From Oxford dictionary:
Wikipedia says :
Square or geometric Kufic is a very simplified rectangular style of Kufic widely used for tiling. In Iran sometimes entire buildings are covered with tiles spelling sacred names like those of God, Muhammad and Ali in square Kufic, a technique known as banna'i.
And this is what was said by Kufic Guru, Mr Mamoun Sakkal:
Square Kufi, like other styles of Arabic calligraphy has its rules. However, because of its simple shapes, some calligraphers will try to write it even when they did not master these rules.
Such practice is not limited to students, but is often common among accomplished calligraphers.
And this is what George said about square kufic : (George is a researcher of square kufic)
Square Kufic is also known as geometric, rectangular, quadrangular, rectilinear or geometric Kufic. When used to create geometric patterns with alternating glazed tiles with plain bricks, it can sometimes be referred to with a Farsi word banna-i. If the brickwork design is in relief then it is referred to with the Farsi word hazarbaf (hazar baf).
Term covering a huge range of buildings and stylistic variations, but generally associated with buildings connected with the followers of Mohammed, or Muslims. Islamic architecture has several characteristic features, including the pointed, multifoil, low, wide, four-centred, and horseshoe arch, the muqarna or stalactite corbel, cladding of coloured glazed earthenware and patterned tilework, fretted gables of stone, marble, or stucco, and, above all, coherent and serene geometry. Domes, minarets, cloisters, and elaborate battlements, often of the almena type, are commonly associated with Islamic buildings.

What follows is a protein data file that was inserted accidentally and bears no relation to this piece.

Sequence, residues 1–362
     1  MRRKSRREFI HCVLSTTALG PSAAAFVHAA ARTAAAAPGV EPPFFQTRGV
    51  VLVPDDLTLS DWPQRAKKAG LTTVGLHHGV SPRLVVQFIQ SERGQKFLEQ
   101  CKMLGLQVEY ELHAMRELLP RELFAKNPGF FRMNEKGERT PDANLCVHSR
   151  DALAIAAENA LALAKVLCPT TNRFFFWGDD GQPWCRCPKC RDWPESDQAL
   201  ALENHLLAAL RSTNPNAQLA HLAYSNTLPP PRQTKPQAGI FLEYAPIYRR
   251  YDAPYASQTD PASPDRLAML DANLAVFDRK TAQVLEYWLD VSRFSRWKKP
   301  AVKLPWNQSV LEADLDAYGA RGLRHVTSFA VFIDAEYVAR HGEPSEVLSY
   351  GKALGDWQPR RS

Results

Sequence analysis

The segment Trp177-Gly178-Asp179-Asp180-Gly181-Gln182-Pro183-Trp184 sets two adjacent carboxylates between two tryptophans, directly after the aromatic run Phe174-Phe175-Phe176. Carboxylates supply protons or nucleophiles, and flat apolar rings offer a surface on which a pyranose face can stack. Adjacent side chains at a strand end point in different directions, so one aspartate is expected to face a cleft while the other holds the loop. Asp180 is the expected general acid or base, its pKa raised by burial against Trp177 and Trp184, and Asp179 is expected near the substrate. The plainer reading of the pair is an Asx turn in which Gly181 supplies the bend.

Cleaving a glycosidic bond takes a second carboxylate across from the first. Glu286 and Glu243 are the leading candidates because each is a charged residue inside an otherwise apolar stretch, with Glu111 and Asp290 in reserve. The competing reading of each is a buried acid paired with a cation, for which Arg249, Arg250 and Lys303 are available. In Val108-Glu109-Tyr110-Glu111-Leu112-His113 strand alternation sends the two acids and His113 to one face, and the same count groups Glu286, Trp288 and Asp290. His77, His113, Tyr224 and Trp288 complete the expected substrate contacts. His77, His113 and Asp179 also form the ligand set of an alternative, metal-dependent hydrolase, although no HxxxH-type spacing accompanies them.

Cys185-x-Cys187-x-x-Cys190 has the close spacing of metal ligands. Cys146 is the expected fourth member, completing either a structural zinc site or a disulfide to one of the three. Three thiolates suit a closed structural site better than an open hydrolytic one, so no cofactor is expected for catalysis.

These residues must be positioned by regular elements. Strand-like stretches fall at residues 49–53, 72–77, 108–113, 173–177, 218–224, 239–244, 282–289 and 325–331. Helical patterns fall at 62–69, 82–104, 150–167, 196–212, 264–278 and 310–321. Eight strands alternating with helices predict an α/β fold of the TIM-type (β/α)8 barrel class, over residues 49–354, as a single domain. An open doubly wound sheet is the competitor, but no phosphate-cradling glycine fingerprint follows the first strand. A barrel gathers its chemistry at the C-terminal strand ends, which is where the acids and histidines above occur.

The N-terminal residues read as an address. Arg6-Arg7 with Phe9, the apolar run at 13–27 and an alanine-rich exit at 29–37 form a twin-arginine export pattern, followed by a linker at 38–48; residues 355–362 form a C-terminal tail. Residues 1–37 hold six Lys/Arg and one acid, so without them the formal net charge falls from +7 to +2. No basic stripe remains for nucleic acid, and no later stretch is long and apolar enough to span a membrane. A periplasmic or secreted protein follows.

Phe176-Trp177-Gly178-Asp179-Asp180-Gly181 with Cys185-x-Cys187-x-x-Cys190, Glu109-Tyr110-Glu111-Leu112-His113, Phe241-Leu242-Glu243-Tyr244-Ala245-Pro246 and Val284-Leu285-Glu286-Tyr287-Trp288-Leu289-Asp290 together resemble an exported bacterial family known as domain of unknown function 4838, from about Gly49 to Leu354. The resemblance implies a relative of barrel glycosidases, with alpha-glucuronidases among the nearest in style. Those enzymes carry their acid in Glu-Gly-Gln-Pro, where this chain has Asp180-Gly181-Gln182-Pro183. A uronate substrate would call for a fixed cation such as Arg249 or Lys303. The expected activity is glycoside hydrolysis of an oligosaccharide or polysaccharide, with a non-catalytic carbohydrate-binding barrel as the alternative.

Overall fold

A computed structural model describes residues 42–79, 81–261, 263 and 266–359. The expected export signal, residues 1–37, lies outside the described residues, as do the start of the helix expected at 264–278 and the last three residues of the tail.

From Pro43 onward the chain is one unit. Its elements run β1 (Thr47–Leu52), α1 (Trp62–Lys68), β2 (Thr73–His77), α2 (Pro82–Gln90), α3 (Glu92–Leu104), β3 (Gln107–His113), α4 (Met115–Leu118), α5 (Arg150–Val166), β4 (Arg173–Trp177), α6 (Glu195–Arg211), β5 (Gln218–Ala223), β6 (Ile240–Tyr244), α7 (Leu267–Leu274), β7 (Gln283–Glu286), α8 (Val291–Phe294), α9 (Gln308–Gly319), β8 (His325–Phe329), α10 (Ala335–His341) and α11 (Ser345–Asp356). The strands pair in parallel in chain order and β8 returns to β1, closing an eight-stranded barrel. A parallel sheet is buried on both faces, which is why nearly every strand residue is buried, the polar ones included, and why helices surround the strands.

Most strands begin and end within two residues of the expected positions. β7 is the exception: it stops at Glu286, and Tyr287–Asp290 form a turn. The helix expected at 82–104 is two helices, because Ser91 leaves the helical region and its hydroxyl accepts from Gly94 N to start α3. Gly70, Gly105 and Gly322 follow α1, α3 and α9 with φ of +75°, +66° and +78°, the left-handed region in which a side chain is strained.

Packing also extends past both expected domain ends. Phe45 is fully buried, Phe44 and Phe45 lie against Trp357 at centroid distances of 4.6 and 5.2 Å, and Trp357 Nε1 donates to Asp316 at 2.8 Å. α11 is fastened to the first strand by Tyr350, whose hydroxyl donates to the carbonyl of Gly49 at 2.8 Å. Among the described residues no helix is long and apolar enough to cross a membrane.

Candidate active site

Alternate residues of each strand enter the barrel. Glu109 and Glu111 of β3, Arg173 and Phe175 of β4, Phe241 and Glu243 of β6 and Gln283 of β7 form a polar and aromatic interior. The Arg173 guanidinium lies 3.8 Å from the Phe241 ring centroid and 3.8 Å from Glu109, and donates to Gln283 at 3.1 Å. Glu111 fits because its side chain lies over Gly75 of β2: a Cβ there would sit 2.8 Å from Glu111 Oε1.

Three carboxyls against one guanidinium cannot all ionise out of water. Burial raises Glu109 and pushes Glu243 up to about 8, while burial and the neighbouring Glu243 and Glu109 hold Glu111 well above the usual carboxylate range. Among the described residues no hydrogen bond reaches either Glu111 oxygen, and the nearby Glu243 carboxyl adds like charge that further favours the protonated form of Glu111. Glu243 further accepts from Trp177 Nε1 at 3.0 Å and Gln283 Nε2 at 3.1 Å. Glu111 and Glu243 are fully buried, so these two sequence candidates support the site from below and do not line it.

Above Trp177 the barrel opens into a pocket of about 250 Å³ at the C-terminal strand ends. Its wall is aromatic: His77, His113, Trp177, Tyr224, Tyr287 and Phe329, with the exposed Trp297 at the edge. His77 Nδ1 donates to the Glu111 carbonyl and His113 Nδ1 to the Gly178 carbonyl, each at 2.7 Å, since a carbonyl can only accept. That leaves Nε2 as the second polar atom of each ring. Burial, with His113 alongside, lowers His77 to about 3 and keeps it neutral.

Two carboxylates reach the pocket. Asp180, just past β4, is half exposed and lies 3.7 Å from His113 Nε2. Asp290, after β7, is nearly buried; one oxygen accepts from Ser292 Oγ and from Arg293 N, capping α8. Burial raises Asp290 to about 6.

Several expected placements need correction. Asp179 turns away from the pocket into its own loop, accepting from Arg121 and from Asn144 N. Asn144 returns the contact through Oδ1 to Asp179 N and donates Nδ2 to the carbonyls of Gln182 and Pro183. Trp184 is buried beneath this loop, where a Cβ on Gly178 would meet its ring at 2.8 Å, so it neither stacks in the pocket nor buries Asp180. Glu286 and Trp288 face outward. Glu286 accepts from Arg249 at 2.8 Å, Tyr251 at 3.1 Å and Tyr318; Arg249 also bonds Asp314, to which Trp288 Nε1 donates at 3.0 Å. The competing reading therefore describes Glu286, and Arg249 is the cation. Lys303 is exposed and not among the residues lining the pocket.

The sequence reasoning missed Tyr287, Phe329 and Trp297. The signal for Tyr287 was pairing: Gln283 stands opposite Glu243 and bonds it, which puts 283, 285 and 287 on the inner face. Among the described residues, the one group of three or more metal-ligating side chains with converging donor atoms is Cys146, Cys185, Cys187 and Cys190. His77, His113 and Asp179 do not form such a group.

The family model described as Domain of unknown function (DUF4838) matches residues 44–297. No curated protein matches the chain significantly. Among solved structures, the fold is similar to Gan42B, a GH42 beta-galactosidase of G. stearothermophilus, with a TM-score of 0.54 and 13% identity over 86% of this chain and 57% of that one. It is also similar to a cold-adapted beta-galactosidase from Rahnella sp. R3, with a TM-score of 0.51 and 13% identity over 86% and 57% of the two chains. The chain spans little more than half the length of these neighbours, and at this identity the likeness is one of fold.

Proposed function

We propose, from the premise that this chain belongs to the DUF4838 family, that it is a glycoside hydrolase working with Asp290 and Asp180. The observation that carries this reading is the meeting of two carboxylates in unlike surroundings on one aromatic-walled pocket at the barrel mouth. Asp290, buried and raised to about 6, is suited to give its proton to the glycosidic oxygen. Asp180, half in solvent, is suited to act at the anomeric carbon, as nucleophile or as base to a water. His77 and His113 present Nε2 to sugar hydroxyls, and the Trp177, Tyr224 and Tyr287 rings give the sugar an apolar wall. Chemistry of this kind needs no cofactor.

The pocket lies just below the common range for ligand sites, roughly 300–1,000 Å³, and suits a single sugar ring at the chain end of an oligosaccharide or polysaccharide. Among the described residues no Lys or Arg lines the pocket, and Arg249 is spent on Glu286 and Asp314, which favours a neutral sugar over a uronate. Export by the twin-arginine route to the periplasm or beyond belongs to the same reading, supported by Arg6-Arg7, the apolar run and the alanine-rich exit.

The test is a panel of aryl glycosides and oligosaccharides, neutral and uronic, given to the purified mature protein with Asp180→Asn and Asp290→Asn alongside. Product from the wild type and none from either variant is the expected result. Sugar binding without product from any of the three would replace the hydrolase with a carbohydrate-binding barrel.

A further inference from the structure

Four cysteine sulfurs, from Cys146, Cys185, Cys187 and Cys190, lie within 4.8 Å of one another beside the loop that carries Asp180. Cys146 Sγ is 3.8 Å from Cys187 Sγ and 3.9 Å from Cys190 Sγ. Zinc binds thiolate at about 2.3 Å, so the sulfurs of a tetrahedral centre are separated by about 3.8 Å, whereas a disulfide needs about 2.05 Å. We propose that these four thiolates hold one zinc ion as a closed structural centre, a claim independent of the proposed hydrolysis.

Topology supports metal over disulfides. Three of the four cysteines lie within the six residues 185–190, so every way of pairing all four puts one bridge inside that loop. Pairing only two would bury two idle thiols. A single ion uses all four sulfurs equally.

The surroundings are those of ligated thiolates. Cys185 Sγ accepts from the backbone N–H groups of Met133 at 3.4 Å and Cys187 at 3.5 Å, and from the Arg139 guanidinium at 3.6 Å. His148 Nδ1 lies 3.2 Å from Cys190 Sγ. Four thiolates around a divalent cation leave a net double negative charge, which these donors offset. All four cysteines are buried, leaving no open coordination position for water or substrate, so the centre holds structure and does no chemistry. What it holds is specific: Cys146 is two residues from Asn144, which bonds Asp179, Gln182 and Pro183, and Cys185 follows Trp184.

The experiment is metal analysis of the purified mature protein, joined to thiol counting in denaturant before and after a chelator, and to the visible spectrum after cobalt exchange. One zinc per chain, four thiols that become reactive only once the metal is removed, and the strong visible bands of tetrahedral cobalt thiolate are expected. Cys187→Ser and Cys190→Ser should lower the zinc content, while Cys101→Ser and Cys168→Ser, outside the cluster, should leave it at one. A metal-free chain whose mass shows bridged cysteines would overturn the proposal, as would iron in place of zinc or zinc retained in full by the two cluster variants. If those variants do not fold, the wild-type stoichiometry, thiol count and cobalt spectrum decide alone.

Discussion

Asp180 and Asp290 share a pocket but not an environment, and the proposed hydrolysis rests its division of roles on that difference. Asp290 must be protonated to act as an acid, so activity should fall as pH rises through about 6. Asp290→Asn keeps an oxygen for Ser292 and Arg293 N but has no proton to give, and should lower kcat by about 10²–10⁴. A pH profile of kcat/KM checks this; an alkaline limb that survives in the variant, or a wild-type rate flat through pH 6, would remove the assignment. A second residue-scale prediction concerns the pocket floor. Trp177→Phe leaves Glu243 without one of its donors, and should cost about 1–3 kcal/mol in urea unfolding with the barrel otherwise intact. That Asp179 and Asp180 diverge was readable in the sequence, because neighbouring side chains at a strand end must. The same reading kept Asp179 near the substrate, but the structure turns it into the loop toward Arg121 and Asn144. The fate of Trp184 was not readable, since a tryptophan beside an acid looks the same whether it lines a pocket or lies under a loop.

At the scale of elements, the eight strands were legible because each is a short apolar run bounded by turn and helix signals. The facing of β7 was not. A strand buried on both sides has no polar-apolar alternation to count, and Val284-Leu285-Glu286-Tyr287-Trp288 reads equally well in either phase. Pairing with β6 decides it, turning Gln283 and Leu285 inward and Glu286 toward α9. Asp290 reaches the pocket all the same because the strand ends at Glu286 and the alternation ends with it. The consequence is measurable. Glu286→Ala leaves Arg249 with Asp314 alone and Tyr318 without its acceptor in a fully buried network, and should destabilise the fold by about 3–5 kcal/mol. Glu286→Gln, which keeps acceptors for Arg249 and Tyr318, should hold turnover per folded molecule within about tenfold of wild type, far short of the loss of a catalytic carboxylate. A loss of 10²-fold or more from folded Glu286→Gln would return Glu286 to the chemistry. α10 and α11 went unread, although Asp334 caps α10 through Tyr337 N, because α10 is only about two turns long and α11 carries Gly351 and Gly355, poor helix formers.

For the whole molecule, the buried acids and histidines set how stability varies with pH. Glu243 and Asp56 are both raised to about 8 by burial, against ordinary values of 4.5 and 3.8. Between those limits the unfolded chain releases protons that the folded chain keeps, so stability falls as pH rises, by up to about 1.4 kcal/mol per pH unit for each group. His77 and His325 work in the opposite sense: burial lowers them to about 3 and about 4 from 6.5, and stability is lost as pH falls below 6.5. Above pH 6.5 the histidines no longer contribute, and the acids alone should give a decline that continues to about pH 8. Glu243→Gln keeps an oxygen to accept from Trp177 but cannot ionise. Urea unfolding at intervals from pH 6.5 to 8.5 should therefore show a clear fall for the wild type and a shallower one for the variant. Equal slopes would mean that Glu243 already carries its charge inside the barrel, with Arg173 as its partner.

Islamic architecture has influenced design in the West, notably the pointed arch and cusping in the medieval period, and the stylistic aspects of so-called Moresque architecture in which elements of Islamic, especially Moorish (e.g. the Alhambra, Granada, Spain), architecture were used as part of the European enchantment with exotic oriental styles in C18 (e.g. the work of Chambers at Kew) and C19 (e.g. Persius's steam-engine house at Potsdam (1841–2), and Aitchison's Arab Hall in Kensington (1877–9)).
Architectural style based upon that of Moorish buildings in the Iberian peninsula from C8 to C15. Earlier work was contemporary with Romanesque and was called Mozarabic. Later architecture infused with Gothic is known as Mudéjar. The Alhambra, Granada (mostly 1338–90), is a fine example of the style, which was revived elsewhere in Europe in C19 and C20, often for synagogues. It was also an ingredient of Catalan Modernisme.
Islamic architecture of North Africa and regions of the Iberian peninsula where the Moors were dominant (711–1492). The most perfect examples were the exquisite Alhambra, Granada (mostly 1338–90—which was probably a madrasa rather than a palace), and La Mezquita at Córdoba (785–987). Moresque is architecture like or derived from that of the Moors (see hispanomoresque), or, more loosely, from Islamic architecture, and the term is especially associated with formal foliate ornament of an interlacing type, also known as arabesque. Moorish influences had a considerable effect during the C19 enthusiasm for exotic Picturesque buildings, and they were exploited by many designers, such as Owen Jones